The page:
• 117.
    Wilhelmsen, Vera
    Uppsala University, Disciplinary Domain of Humanities and Social Sciences, Faculty of Languages, Department of Linguistics and Philology.
    Review of North East Indian Linguistics, Volume 2. B65. Edited by Stephen Morey and Mark Post. New Delhi: Cambridge University Press India, xii +256 pp., 2010.2011In: Orientalia Suecana, ISSN 0078-6578, E-ISSN 2001-7324, Vol. 60, p. 202-205Article, book review (Refereed)
  • 118.
    Zecchini, Laetitia
    Centre National de la Recherche Scientifique, Paris.
    Strangeness and historicity against nativism:: blurring thefrontiers of the nation in Arun Kolatkar’s poetry2012In: Orientalia Suecana, ISSN 0078-6578, E-ISSN 2001-7324, Vol. 60, p. 60-70Article in journal (Refereed)
    Abstract [en]

    Kolatkar’s poetry corresponds to Rancière‘s definition of the literary as realm of “dissensus”, undoing strict delineating frontiers. Kolatkar refuses to draw the line between what is included and excluded – both in the space of the Bombay he portrays (and specifically the Kala Ghoda neighborhood) or in the space of writing itself, since the space of writing is linked to the space of the nation and frontiers of perception correspond to geopolitical frontiers. His poetry does not excise strangeness but makes it visible. It thrives on the “refusal of the world”, on people and objects abandoned at the margins of the nation and of our ordinary perception. It also celebrates those who oppose the certainties of identity and the sacredness of the nation (A. Appadurai). It hence subverts the ideology of Hindu nationalism that has been trying to restore an Indian-Hindu essence by purging history, language, and identity from so-called foreign, minor, or inauthentic elements. Kolatkar constantly exposes the historicity of identity and of language against nativism, the hospitality of poetics against the politics of expurgation.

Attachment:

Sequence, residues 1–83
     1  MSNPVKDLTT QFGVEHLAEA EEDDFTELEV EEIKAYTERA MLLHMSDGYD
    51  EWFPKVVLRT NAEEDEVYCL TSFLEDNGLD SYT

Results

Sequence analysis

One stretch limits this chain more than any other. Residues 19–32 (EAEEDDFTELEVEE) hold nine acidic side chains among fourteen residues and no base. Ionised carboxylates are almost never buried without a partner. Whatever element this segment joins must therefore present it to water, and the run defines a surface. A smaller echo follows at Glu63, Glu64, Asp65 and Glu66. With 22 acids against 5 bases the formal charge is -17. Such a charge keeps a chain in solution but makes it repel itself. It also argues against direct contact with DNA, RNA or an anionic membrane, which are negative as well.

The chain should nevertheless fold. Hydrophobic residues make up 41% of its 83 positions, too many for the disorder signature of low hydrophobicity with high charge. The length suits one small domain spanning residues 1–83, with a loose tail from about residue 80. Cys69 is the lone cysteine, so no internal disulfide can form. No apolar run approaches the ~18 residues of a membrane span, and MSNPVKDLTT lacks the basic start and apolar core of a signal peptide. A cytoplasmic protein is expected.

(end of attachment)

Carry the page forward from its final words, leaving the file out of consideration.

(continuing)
• 119.
    Öpengin, Ergin
    Université Paris III, Otto-Friedrich-University, Bamberg.
    Adpositions and Argument Indexing in the Mukri Variety of Central Kurdish: Focus on Ditransitive Constructions2013In: Orientalia Suecana, ISSN 0078-6578, E-ISSN 2001-7324, Vol. 61, p. 187-198Article in journal (Refereed)
    Abstract [en]

    A set of adpositions in Central Kurdish interact with the argument indexing system in a peculiar manner.Previous research (Edmonds 1955; MacKenzie 1961; Samvelian 2007; Haig 2008; Jügel 2009) has described argument indexing in Central Kurdish, but ditransitive constructions are largely omitted. Here I study the adpositions and argument indexing in Central Kurdish in relation to semantic roles, valency and modality. I argue that the adpositions in question have obtained the semantically specified syntactic function of introducing a participant, usually a third-participant, into the speech event. Then I describe and analyse two previously unattested constructions, namely a periphrastic causative construction, where an absolute adposition introduces a causee in an indirect causation construction, and a periphrastic potentiality construction with passive inflection, where the adpositional complement is a “weakened actor” of the given event.

123 101 - 119 of 119